TORONTO — Ontario’s top court has decided it will weigh in on the meaning of environmental damage after a town was convicted of harming the habitat of the piping plover on a popular Lake Huron beach.
In its ruling this week, the court agreed to hear an appeal from the Town of South Bruce Peninsula, which had been fined $100,000 for its beach-grooming activities in 2017.
It would be the Court of Appeal’s first chance to clarify the relevant part of the Environmental Species Act, Justice Bradley Miller wrote.
“The questions raised by the town are serious and their resolution will make the legislation more determinate and thus capable of providing greater guidance to those subject to it,” Miller said. “Its interpretation is a matter of public interest.”
The act makes it an offence to damage or destroy the habitat of more than 175 endangered species of plants and animals, including the piping plover, a migratory shorebird. Besides being a popular tourist spot, Sauble Beach is a seasonal nesting home for the plover.
The birds returned to the Lake Huron beach in 2007 after a 30-year absence, in part due to conservation work by the town.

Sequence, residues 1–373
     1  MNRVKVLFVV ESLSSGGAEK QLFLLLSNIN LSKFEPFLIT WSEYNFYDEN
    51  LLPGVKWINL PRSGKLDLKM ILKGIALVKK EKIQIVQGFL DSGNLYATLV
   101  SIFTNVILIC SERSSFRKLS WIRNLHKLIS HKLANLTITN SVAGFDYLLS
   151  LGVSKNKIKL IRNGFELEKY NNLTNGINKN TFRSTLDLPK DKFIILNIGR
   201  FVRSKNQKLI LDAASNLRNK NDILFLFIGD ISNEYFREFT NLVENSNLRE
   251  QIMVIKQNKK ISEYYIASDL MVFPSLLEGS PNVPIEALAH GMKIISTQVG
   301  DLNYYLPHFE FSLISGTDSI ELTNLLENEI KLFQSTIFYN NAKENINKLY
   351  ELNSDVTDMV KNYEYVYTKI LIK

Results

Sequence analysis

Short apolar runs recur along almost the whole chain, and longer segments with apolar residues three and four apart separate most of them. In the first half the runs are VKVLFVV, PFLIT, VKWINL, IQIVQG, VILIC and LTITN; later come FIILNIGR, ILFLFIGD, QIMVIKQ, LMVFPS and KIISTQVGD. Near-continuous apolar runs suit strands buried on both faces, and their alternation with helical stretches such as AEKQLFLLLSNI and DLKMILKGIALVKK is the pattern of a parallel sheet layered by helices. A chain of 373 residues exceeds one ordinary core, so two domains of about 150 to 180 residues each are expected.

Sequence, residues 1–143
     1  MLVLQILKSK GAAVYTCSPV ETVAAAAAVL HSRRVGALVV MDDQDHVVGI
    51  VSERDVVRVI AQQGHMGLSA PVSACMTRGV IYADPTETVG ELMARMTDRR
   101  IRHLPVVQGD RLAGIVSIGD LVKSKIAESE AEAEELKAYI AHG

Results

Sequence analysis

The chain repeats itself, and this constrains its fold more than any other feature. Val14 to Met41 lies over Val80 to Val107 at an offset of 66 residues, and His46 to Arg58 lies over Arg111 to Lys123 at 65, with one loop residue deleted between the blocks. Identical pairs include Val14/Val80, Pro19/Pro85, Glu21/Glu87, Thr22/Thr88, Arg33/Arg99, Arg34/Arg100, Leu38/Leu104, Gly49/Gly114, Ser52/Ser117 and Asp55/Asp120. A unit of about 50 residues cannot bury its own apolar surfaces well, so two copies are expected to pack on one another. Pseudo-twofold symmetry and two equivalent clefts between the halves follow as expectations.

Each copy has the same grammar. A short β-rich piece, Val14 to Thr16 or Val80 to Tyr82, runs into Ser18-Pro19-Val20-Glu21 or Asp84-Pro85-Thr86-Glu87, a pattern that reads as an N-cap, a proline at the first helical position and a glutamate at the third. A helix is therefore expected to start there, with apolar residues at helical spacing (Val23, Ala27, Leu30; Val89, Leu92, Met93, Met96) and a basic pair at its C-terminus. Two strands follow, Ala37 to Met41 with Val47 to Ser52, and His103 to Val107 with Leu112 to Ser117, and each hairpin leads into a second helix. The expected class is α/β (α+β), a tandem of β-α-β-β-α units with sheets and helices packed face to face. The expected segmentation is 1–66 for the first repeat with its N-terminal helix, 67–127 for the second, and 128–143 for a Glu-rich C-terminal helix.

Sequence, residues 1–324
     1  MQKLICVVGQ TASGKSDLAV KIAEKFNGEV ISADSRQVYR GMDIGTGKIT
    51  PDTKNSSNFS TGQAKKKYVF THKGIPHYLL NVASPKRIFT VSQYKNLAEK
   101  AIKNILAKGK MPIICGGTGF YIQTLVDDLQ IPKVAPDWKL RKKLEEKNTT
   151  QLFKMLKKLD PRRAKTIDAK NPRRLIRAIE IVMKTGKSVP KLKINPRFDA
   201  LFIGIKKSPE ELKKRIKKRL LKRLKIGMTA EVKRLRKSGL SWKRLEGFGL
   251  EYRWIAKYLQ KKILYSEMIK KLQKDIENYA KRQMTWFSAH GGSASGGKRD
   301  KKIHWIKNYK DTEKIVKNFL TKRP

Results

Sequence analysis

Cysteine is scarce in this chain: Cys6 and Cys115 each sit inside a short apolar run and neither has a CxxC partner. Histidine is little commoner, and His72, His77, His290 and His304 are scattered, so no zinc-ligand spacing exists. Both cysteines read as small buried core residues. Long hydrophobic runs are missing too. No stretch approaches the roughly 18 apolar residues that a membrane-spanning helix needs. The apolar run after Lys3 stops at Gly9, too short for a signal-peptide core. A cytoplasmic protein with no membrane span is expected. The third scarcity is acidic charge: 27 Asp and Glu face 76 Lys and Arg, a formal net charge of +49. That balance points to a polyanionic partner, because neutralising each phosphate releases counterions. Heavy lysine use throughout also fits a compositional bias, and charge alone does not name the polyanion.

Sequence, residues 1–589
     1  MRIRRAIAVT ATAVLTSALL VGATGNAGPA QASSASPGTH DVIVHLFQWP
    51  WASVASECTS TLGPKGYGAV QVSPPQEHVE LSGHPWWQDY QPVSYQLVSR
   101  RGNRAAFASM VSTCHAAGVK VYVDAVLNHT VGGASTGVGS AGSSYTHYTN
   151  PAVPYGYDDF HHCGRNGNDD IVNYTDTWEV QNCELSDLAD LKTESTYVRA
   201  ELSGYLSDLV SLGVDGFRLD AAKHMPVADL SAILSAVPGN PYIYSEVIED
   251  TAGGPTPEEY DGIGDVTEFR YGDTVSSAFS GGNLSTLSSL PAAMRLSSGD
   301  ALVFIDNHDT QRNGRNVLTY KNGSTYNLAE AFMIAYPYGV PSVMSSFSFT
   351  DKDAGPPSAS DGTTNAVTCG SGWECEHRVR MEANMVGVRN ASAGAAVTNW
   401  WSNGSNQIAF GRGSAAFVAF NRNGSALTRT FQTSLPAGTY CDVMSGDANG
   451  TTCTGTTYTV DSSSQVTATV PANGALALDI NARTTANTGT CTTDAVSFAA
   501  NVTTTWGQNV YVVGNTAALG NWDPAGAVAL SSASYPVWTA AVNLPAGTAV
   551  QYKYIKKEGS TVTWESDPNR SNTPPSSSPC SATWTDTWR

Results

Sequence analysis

In April 2017, before the annual arrival of the plovers, the town mechanically raked the beach in preparation for the tourist crunch. After the birds had left for the season, the town carried out further beach work after notifying the Ministry of Natural Resources, which did not object.
However, the ministry in 2018 alleged the town had gone too far and had damaged plover habitat. The town was convicted of two related counts and ordered to pay the fine to Birds Canada. Environmentalists hailed the convictions, calling them a “major win” for at-risk species in the province.
A higher court upheld the convictions.
In seeking leave to appeal to the province’s top court, the town argued the lower courts had misinterpreted what constitutes “damage” to a species’ habitat and the evidence needed to prove it. Essentially, South Bruce said the interpretation had been too broad, and would capture habitat changes with little or no real impact on a species.
In response, the provincial government argued the convictions should stand, saying the act only requires proof of any damage to the habitat, regardless of any harm to a species.
The government also argued an appeal was not essential either to the public interest. Miller disagreed. The act, he noted, affects private and public landowners as well as any member of the public using such lands.
“There are a great many persons who are required to conform their behaviour to the demands of statute,” Miller wrote.
Colin Perkel, The Canadian Press